Mat Brinkman, writer/artist
We tend to think of the breakdown of civilization as a rather stark affair. Things fall apart, the center cannot hold, and before long everything’s a burnt-out husk and people in rags and/or leather underpants are scavenging the wasteland for canned peaches and guzzoline. In keeping with Fort Thunder’s general aesthetic project of information overload, Multiforce imagines the contrary: a replete Ragnarok, a jam-packed apocalypse.
A loosely linked narrative about the warring citizens of a massive mountain redoubt called Citadel City and the even stranger places above and below it, Multiforce‘s serialized strips (they originally appeared in Providence’s visual-noise bible Paper Rodeo) concern themselves primarily with bigness. A giant meets an even bigger giant, who meets an even bigger dragon; little dudes ride around inside the head of a huge dude; skeletal characters dwell in structures and even cities that are shaped like their own skulls, suggesting a preexisting being of almost unimaginable proportions. Half of the book’s narrative juice comes simply from stringing the book’s two protagonists (and the reader) along until the next massive step-up in scale can be revealed. It’s like the comics equivalent of a zoom-out, only suggested through sequential juxtaposition rather than an actual ratcheting back of the viewing plane (that actual technique is seldom if ever used here, to the best of my recollection).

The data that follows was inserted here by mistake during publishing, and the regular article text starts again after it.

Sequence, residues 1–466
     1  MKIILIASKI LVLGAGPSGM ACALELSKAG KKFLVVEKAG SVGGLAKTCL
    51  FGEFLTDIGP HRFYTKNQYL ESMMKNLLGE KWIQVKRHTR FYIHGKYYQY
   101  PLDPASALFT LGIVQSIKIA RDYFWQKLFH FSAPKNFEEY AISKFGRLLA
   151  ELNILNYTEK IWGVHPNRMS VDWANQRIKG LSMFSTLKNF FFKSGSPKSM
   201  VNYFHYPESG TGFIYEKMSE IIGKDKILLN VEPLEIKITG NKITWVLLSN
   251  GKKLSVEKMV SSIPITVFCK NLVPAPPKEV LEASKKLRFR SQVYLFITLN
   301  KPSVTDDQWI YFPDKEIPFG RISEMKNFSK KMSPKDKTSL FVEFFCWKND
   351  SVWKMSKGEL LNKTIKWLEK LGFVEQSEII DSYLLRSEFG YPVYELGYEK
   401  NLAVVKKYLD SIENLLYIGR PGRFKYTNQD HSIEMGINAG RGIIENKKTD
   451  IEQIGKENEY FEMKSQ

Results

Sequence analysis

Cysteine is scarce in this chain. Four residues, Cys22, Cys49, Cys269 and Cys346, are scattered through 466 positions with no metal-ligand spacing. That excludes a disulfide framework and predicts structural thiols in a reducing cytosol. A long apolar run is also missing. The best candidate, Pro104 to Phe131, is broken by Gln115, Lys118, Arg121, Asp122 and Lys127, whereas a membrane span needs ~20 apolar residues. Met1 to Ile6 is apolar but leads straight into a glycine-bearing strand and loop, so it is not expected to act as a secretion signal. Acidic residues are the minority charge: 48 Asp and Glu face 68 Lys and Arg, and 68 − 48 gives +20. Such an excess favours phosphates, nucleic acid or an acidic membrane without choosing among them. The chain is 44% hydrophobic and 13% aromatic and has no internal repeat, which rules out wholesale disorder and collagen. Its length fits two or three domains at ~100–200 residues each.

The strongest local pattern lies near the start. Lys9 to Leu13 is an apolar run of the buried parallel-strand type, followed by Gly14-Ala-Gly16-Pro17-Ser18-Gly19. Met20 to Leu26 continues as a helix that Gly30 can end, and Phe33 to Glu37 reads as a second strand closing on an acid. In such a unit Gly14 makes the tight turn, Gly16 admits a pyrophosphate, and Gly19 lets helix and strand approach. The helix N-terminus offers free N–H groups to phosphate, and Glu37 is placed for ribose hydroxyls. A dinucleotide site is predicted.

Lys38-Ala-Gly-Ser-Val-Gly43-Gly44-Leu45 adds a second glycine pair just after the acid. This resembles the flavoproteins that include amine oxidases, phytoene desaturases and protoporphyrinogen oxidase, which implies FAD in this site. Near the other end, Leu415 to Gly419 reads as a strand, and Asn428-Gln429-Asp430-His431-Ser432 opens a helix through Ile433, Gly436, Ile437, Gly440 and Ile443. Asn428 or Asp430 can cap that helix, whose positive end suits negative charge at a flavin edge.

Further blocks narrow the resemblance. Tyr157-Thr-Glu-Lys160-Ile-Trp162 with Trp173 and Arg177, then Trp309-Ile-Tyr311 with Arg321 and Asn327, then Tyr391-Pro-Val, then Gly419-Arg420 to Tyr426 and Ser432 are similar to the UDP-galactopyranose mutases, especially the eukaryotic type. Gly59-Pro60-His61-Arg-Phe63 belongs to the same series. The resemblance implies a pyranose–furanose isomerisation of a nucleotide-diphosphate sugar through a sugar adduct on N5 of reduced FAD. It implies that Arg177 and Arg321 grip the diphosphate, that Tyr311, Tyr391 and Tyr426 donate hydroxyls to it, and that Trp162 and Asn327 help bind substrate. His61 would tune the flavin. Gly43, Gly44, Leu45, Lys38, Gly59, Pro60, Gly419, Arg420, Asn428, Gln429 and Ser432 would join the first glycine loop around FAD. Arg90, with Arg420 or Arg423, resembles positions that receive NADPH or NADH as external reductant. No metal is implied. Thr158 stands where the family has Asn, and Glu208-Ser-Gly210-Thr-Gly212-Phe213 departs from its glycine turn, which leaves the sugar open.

The creatures, which are as gorgeous and inventive and inner-eight-year-old awesome as you’d expect from the product of a man who nowadays makes a living by creating prints of demons and shit, are a constant game of one-upsmanship as well. Brinkman lays this out in an introductory strip, in which we watch a monstrous character who’s super-proud of his awesomely dangerous bionic arm–”I HAVE THE MOST ULTRA ARM IN THE UNIVERSE”–promptly get his clock cleaned by the book’s main, inscrutable antagonist, Battlemax Ace. He’s a battle beast with an axe for one hand and a mace for the other. Yeah, it’s that kinda book. And it’s Battlemax Ace’s unstoppable rampage that brings Citadel City crashing down and provides one of the book’s few genuine narrative and logistical throughlines as he smashes his way through opponent after opponent and level after level. His awesomeness is too powerful to contain.
In many ways these beasties and their navigation of craggy subterranean spaces recalls Brinkman’s landmark collection Teratoid Heights, but that book’s wordless fervor gives way to Brinkman’s loosey-goosey verbal hijinx–his characters bumble around and talk smack like a crudely lettered cross between the Muppets and the stars of a stoner comedy. So the moments of sheer visual poetry stand out in even starker relief–our heroes flying in a sinuous, continuous curve through a Marc Bell riot of a carnival; a dropped head bouncing and rolling down a massive page-tall mountainside; the aforementioned giant skull. But the main takeaway is a set of civilizations so obliviously concerned with their own business and jaded about their potential annihilation that they’re all pretty much fiddling as Citadel City and its environs burn (and explode and implode and collapse and cave in and get smashed by Battlemax Ace and so on). Our heroes even leaven their soaring last-page getaway with a snort of “yea right.” One, two, three, what are they fightin’ for? Don’t ask ‘em, they don’t give a damn.